One morning while driving to work very early in the morning, Anson Dorrance, head woman’s soccer coach at University of North Carolina, saw one of his players doing extra training on a deserted field. He did not stop and kept driving, but later left a note in her locker that read, “the vision of a champion is someone who is bent over, drenched in sweat, at the point of exhaustion when no one else is watching.” The young woman on the field, Mia Hamm, would later go on to become one of the greatest soccer players of all time.
In general, there are two types of motivation seen in athletics including: intrinsic and extrinsic motivation. Extrinsic motivation is the seeking of awards, admiration, fame, money, and other such accolades or trying to avoid punishments, guilt or shame. Intrinsic motivation comes from deep within an athlete, a true passion and love for the sport. You are participating in the sport purely for the enjoyment of the activity. Mia Hamm is just one good example of a famous athlete who was obviously very intrinsically motivated. It is not uncommon for an athlete to have a mixture of intrinsic and extrinsic motivation and this is not a bad thing; however, it is important that an athlete never looses sight of why he or she came to love the sport in the first place. In fact, according to Hardy, Jones and Gould (1993) elite athletes must have high levels of intrinsic motivation in order to sustain effort through dips in form and confidence. This being said, as an athlete, make sure that you know what fuels that fire deep down inside.
What drives you to participate in your sport? Deep down, what is the BIG WHY behind the countless hours, blood, sweat and tears that are poured into your sport on a daily basis? Understanding your BIG WHY will help you get at your inner motivation. Peggy Fleming, gold medalist Olympic ice skater once said, “The first thing is to love your sport. Never do it to please someone else.” If you are doing something or participating in an event solely to please some one else, it is time to take a break or get out of it. Take a step back to update your goals to find more gratification and personal meaning in what you are doing. For more information about the benefit of taking a break, check out our April blog post.
Rather than having an ego orientation (happy when you receive some type of recognition), take a mastery approach to your game. Here, you strive for personal excellence and are happy with the end result as long as you have given it your all. You are focused on getting better and improving instead of trying to prove that you are good. If you take the mastery approach, you will feel much more satisfied when you are successful because you have fulfilled a personal need. While trophies and money are nice, they are merely icing on the cake. Consider a quote by Russell Wilson, Seattle Seahawks quarterback: “I have this rage to master my craft.” This deep desire is something that makes him successful as a football player. Try taking the same approach when it comes to your sport.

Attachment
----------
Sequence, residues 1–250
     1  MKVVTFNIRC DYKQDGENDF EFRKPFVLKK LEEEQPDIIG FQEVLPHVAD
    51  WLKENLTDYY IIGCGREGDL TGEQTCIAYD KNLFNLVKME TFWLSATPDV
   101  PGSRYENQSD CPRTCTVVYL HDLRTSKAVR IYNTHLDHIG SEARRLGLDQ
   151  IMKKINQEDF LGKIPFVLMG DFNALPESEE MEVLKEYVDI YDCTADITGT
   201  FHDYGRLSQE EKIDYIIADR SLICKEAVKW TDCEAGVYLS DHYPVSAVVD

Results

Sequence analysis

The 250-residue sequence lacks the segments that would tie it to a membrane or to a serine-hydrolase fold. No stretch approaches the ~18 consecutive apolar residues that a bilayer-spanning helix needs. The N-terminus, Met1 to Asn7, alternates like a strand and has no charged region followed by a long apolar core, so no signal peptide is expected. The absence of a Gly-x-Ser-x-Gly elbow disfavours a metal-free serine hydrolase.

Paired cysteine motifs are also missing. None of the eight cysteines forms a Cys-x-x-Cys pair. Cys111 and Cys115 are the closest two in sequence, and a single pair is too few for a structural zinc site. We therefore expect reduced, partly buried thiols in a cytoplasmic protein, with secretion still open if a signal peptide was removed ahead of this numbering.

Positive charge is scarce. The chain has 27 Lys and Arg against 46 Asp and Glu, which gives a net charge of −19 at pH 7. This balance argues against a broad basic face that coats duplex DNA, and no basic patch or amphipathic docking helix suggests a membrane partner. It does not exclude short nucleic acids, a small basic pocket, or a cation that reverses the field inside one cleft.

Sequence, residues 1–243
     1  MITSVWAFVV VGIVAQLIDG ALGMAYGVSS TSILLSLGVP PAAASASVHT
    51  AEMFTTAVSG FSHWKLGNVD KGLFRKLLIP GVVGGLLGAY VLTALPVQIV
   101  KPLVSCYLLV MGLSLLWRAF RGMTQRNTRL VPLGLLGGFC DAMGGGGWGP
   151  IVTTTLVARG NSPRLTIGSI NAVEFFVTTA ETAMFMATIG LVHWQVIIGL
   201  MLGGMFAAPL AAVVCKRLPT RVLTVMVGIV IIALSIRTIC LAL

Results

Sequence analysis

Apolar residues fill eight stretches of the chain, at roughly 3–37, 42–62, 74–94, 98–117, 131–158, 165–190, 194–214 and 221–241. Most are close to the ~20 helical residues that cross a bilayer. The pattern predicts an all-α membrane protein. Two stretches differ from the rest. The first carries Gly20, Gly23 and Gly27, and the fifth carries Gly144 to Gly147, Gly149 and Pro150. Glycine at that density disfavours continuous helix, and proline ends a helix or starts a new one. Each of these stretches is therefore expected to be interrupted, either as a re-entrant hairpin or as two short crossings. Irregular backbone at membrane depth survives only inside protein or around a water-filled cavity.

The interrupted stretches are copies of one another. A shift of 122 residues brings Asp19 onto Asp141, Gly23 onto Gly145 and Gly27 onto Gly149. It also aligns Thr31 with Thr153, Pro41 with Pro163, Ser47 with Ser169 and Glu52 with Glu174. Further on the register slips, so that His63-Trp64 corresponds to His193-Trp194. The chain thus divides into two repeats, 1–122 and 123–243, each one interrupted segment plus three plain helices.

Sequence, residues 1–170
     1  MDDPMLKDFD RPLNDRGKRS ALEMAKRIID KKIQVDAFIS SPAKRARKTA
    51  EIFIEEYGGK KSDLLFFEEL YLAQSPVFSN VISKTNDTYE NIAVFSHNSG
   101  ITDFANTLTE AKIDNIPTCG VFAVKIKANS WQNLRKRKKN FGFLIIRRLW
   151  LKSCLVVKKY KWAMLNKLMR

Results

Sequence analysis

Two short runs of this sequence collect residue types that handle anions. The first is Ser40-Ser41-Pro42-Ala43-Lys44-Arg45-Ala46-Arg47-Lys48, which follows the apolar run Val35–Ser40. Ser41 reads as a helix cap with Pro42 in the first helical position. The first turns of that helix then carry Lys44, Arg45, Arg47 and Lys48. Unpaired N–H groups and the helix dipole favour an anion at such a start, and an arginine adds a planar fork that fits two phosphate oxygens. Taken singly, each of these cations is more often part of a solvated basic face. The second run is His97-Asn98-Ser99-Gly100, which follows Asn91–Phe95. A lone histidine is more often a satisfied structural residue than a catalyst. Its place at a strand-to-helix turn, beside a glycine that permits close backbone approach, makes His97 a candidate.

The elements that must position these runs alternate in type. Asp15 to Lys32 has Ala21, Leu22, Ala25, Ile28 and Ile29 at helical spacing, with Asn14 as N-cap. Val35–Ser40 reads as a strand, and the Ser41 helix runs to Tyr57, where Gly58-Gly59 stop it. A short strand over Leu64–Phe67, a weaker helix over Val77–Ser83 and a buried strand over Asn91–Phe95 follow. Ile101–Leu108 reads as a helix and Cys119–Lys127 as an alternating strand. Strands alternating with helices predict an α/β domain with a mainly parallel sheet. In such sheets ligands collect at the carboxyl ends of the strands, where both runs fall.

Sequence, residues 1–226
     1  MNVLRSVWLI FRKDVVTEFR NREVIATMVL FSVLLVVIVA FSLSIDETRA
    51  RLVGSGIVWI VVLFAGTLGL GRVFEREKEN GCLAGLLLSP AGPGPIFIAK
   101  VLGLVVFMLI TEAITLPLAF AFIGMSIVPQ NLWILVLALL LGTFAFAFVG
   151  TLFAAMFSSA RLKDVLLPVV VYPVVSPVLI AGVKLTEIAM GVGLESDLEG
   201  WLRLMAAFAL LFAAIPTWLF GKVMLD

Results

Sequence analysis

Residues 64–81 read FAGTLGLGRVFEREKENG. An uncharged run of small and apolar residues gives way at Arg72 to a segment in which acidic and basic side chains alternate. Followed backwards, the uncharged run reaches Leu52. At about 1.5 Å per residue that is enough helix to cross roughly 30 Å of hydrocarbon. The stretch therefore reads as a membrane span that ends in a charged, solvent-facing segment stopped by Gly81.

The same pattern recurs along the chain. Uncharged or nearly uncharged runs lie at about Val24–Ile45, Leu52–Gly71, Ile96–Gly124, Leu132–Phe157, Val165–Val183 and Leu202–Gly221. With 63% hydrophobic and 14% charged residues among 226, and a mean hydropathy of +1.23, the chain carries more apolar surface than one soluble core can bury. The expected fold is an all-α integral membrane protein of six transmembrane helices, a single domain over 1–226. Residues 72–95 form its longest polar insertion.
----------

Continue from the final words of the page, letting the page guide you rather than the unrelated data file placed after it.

There is nothing like earning a sparkling new trophy or medal to add to your collection. Also, we have all done that extra repeat or drill to avoid looking bad in front of our peers or to avoid the guilt we would feel later and there is nothing wrong with that. In fact, extrinsic rewards can be very motivating. The problem arises when an athlete is only focused on that extrinsic reward because his or her motivation is mostly contingent upon extrinsic factors. There can be an overwhelming sense of emptiness for these types of athletes because they tend to seek happiness in the wrong place. For example, consider a swimmer who just finished his or her race and turns to the coach for a verbal reward. Yet, the coach says nothing. In this situation, the athlete leaves the pool feeling unfulfilled and probably unhappy. In addition, if that external motivation is taken away there is no motivation to participate or to continue to improve. Therefore, external motivation doesn’t tend to last for the long haul. Remember, true long lasting motivation comes from within. Enjoy the spoils of victory, but make participating in your sport itself the biggest reward.
When it comes down to it, motivation plays a huge part of athletics. At the end of the day, you must remember what fuels that inner fire of yours. Make sure you know why you play or compete, take a mastery approach to the game, and only use extrinsic rewards for inner motivation. As Mia Hamm stated years after she was found training alone on the empty field, “Somewhere behind the athlete you’ve become and the hours of practice and the coaches who have pushed you is a little girl who fell in love with the game and never looked back… play for her.”
Let us help you to find your true inner motivation and ways you can leverage that motivation to become a better athlete! Contact us today!